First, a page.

India approves AstraZeneca and local Covid vaccines, rollout in weeks

Published January 3, 2021
Vials of AstraZeneca's Covishield, coronavirus disease vaccine, are seen before they are packaged inside a lab at Serum Institute of India, Pune, Nov 30, 2020. — Reuters
Vials of AstraZeneca's Covishield, coronavirus disease vaccine, are seen before they are packaged inside a lab at Serum Institute of India, Pune, Nov 30, 2020. — Reuters

India’s drugs regulator on Sunday gave final approval for the emergency use of two coronavirus vaccines, one developed by AstraZeneca and Oxford University and the other by local company Bharat Biotech.

The world’s second most populous country is now expected to start a massive immunisation programme within weeks, with the AstraZeneca/Oxford shot taking the lead and Bharat Biotech’s Covaxin administered under stricter conditions given that no efficacy data has been released for it.

The overall efficacy of the AstraZeneca/Oxford vaccine was 70.42 per cent, while Bharat Biotech’s Covaxin was “safe and provides a robust immune response”, said Drugs Controller General of India VG Somani.

The British-developed AstraZeneca/Oxford shot is being made locally by the Serum Institute of India (SII) and will be branded Covishield, while Bharat Biotech has teamed up with the government run Indian Council of Medical Research.

“Vaccines of Serum [Institute of India] and Bharat Biotech are being approved for restricted use in emergency situations,” Somani read out from a written statement at a press conference. Somani did not take questions.

Both vaccines will be administered in two doses and stored at two to eight degrees Celsius, he said. Sources told Reuters on Saturday the doses would have to be given four weeks apart.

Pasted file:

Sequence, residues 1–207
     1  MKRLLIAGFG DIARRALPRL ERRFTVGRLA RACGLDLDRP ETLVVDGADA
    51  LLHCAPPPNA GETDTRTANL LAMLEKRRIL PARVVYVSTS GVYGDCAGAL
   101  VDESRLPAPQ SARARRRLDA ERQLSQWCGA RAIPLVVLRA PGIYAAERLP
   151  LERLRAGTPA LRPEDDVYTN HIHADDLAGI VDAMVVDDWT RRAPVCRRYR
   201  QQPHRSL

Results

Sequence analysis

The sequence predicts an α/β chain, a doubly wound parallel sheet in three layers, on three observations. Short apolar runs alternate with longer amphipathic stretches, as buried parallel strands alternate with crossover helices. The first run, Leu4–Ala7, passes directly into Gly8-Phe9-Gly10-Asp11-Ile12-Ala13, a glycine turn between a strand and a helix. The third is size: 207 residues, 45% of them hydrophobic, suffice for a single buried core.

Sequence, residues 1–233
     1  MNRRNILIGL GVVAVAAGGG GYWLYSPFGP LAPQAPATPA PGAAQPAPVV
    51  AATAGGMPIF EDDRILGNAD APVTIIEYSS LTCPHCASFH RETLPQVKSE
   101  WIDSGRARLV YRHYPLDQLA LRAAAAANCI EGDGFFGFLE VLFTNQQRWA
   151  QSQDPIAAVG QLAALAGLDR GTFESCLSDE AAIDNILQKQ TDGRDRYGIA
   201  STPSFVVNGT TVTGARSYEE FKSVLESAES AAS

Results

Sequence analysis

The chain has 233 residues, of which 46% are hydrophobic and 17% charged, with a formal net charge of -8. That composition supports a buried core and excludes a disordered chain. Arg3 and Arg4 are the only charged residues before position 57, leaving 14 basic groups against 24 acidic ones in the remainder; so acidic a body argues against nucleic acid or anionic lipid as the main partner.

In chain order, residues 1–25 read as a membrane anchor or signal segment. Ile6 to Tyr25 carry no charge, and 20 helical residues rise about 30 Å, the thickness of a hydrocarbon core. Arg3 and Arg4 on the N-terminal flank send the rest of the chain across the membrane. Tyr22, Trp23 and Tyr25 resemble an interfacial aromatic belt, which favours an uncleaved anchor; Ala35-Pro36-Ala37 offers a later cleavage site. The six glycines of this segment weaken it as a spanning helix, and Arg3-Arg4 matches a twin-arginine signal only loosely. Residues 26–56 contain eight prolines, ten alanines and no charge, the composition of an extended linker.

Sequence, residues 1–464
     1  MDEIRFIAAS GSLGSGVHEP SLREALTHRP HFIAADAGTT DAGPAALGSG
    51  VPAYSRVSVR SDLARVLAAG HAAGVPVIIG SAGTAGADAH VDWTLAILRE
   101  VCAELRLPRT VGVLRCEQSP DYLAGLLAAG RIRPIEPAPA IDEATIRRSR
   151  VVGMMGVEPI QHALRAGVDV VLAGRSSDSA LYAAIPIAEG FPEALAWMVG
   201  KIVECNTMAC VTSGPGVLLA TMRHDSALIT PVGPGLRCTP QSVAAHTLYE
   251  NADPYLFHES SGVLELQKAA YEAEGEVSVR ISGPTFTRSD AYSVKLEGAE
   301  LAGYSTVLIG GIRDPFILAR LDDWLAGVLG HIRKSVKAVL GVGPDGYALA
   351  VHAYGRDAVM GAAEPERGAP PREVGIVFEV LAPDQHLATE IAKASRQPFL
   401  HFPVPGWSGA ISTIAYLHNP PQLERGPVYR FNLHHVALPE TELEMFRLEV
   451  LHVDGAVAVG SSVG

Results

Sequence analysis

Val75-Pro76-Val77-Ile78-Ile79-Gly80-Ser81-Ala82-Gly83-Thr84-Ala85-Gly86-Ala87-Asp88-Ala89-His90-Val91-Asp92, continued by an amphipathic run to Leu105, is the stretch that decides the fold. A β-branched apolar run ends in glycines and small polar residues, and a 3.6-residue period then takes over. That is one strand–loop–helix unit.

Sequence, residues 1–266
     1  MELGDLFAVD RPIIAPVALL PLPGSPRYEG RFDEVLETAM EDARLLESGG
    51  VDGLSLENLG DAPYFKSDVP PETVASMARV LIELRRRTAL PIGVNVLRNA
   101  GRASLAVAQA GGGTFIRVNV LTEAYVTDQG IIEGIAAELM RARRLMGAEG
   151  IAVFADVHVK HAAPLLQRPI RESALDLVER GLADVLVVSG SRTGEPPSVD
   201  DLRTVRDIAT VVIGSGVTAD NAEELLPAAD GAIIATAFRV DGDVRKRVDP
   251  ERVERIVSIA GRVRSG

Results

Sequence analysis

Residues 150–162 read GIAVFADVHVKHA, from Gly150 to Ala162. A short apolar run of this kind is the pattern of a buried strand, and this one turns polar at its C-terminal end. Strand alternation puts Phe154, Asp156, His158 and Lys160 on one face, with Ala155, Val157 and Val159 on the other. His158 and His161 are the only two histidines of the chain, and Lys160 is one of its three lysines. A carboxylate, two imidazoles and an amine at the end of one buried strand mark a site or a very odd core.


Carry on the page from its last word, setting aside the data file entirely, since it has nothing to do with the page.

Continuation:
Somani explained that the Bharat Biotech vaccine had been approved “in public interest as an abundant precaution, in clinical trial mode, to have more options for vaccinations, especially in case of infection by mutant strains”.

Prime Minister Narendra Modi welcomed the approvals.

“It would make every Indian proud that the two vaccines that have been given emergency use approval are made in India!” he said on Twitter, calling it a sign of a “self-reliant” country.

SII, the world’s biggest vaccine producer, has already stockpiled more than 50 million doses of the AstraZeneca/Oxford vaccine even without a formal supply deal with the government.

“All the risks Serum Institute of India took with stockpiling the vaccine, have finally paid off,” CEO Adar Poonawalla said on Twitter. “Covishield, India’s first Covid-19 vaccine, is approved, safe, effective and ready to roll out in the coming weeks.”

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